Beloved and I had brunch at Ippudo earlier today. This world-famous ramen place is among the best, according to fellow foodies, having over 80 branches in Japan alone with a lot more worldwide. Ippudo opened its doors at Megamall’s newest Fashion Hall wing earlier this week, making all said foodies rave about it. Knowing the hype it generated will definitely mean a waiting queue, we decided to have brunch here instead of the usual dinners.
To our non-surprise, there was already a queue when we arrived, just before 11am. The provided row of seats wasn’t enough and had a good half of the queue standing. Good thing they gave us peeps in the queue a cup of cold tea. We also had the chance to look at the menu and prepare our orders. Unlike other ramen places with complicated menus, listing a bazillion varieties by mixing and matching different toppings to different broths, this place only has three main varieties, differing only in broth. The first is their shiromaru motoaji, which seems to be the “classic” broth. Next is their akamaru shinaji, which seems to be the first broth with blended miso paste and garlic oil. Finally, there’s the karaka-men, which is similar to the second one with a spicy twist. You can get all varieties in either plain; tamago, or with egg; chasyu, or with barbecued pork belly; or special, which has both egg and chasyu. In addition to that, you can also add additional toppings if desired. They also serve other sides such as gyoza.
After an hour, we were finally welcomed inside the packed-full restaurant. We were already decided on what to order. I had their Shiromaru Special (480 Php) and Beloved ordered their Karaka Special (490 Php). We also ordered their** Ippudo Hakata-Style Gyoza** (195 Php). This is cheaper than the Orishi Ponzu Gyoza, which seems to differ only with the topped radish and spring onions. Similar to Ikkoryu Fukuoka Ramen, we were asked by our server the desired hardness level of our noodles. She recommended we have it hard, and we did so.
Our gyoza arrived first, and pretty quickly, I might add. But since this is all about the ramen, I’ll start with my Shiromaru Special. This arrived a good fifteen or so minutes after our gyoza arrived, making the total wait almost an hour and thirty minutes. Was it worth it?
The bowl was pretty huge, but a bit deceiving. Since it’s a very steep angle, it’s actually not the best amount of ramen we’ve had for the price. However, I certainly believe it lives to the hype. The broth was very delicious and well balanced. It had the pure savory goodness of pork in every slurp. The noodles were amazing as well—al dente with a very nice bite to it. The pork, while it didn’t melt in my mouth like one of the more memorable chasyu I’ve had, was very soft and tender, and had a very delicious smokiness to it, like thick bacon. We also applaud the egg which was still silky soft, despite being quite hard-boiled on the outside, providing a creamy change of pace.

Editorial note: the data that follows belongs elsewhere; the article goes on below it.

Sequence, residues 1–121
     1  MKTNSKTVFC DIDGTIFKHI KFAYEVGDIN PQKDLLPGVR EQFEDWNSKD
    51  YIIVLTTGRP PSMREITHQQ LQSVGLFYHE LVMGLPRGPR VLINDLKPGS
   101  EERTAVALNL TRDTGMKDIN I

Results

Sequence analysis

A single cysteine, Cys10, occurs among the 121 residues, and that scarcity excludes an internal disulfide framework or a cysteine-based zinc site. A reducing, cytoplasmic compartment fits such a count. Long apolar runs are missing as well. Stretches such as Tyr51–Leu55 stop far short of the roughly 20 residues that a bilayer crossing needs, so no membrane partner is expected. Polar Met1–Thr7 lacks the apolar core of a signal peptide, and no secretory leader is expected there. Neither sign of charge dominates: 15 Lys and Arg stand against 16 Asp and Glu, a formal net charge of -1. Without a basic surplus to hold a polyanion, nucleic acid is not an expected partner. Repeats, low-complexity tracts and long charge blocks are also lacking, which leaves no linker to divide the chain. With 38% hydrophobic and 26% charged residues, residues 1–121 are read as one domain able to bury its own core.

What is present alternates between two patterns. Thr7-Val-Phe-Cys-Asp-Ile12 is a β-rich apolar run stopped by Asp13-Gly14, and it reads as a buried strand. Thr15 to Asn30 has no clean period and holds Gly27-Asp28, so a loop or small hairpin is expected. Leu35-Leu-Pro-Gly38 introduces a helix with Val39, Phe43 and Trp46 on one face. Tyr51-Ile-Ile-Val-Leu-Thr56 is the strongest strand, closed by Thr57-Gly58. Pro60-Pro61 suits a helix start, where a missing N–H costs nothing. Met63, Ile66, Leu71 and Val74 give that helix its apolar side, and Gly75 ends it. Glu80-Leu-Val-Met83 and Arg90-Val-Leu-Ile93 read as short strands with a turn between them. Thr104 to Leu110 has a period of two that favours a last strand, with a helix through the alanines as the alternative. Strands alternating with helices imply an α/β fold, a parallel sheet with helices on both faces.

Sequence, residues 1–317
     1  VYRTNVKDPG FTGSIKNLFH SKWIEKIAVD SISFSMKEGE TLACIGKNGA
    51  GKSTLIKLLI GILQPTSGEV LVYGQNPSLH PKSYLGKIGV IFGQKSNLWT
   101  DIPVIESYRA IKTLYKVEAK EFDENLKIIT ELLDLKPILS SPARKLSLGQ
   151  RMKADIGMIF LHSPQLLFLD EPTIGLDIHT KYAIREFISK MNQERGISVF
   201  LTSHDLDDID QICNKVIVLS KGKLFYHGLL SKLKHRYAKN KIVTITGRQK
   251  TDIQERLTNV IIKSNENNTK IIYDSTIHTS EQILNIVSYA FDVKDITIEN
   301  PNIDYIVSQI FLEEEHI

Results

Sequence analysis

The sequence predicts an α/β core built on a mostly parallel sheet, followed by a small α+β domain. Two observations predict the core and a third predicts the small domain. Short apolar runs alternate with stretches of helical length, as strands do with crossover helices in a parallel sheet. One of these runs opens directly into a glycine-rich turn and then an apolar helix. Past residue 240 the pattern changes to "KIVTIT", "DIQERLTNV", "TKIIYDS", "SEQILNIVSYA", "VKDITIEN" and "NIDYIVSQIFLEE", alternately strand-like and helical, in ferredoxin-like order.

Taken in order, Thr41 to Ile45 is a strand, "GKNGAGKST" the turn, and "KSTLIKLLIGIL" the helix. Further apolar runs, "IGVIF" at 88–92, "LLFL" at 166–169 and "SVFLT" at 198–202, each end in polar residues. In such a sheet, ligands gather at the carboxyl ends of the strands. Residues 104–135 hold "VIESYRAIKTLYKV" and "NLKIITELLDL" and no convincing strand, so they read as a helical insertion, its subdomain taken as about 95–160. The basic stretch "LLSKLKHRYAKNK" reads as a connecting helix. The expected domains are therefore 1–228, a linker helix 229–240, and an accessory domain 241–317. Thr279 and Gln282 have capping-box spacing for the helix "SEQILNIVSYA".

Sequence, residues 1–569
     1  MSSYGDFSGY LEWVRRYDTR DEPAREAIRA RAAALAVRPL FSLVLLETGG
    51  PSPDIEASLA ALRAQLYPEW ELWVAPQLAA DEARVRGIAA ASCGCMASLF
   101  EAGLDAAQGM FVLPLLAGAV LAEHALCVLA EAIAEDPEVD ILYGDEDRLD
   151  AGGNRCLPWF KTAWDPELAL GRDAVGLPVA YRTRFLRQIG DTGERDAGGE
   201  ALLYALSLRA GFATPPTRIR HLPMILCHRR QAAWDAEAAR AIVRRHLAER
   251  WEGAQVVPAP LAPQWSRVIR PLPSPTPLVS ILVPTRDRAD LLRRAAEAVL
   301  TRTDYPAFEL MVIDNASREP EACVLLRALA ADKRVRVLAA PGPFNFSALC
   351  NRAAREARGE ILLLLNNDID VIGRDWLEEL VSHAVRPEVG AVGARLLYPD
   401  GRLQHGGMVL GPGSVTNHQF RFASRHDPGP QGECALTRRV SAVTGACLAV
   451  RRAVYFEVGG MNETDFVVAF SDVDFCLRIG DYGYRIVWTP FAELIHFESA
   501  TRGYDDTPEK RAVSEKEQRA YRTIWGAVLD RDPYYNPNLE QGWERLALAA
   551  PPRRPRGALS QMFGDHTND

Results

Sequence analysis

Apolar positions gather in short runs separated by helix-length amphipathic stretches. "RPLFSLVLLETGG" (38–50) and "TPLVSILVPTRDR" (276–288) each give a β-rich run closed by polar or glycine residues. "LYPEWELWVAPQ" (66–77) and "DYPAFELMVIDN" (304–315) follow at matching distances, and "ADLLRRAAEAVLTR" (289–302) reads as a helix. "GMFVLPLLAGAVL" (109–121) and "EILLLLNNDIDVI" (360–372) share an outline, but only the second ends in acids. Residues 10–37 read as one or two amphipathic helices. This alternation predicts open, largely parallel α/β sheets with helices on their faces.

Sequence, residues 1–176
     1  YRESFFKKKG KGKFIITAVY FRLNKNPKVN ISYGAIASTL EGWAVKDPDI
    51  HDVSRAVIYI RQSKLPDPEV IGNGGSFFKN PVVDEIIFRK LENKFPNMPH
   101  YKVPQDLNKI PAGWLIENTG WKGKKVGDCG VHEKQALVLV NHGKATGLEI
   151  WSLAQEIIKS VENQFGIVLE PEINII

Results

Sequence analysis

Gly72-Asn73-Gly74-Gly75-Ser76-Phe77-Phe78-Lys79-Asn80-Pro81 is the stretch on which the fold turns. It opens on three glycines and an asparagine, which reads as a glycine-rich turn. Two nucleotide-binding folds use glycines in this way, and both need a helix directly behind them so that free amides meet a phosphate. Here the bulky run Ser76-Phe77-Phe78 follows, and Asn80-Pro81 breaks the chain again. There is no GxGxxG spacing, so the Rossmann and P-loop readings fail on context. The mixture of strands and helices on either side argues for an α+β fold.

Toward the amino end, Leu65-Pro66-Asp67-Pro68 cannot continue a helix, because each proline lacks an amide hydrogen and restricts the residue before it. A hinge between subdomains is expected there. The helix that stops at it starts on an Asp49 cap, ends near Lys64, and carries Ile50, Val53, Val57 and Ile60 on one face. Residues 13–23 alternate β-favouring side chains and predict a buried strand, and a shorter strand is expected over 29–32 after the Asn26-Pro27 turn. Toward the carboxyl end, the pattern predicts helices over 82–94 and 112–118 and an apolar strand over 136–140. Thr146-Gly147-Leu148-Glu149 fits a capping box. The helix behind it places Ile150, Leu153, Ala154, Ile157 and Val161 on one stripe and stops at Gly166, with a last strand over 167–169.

Beloved’s Karaka Special was similar, except for the broth. The miso added a salty backdrop to the broth and a strong, spicy kick. We both like the spicy aftertaste, but Beloved preferred my milder broth sans the salty miso. She still liked it, though. Aside from the broth, her noodles were noticeably curlier compared to my straight ones. It still had the very nice bite, though.
The Ippudo Hakata-Style Gyoza we ordered, as I mentioned earlier, actually arrived first in under five minutes. It was a simple offering of five pork dumplings, charred on one side, with a tart ponzu dipping sauce. It’s definitely one of the pricier gyozas we’ve had the opportunity to try, but it’s also among the better tasting ones. We usually like gyoza which has more veggies than meat, but this one definitely is meatier, perhaps the best meaty gyoza we’ve tried.
We probably spent more time waiting than eating. But overall, I believe this place lives to its hype. I don’t really care or know much for authenticity, so I can’t answer questions relating to that. However, what matters to me is how it tasted, and it still certainly satisfied my tongue. My stomach, however, was a different story. I guess my only problem with this place, aside from the queue, is that I went in hungry and I went out hungrier. Their ramen and gyoza were just so appetizing. Now I understand why they offer additional noodles if you have enough soup. The problem is, I wasn’t able to control myself from drinking the soup. Heck, I even managed to finish my soup before finishing up the noodles.
I should also give props to the service. They were very attentive that I wasn’t able to take an after-photo of my empty bowl to show the angle, clearing it up almost immediately when they noticed it was empty even though they had another seventy or so customers to look after at the same time, not counting the additional seventy or so more people outside waiting.
Our bill amounted to almost 1.3K Php after a 5% service charge. Was it the best ramen experience we’ve had? When I consider the price and queue, I can’t really say. What I can say, however, is Ippudo gave us the most solid, well-balanced ramen tasting experience in the country from all the places we’ve been to so far and definitely lives up to its hype. I don’t expect the queue to shorten in the coming days or even months.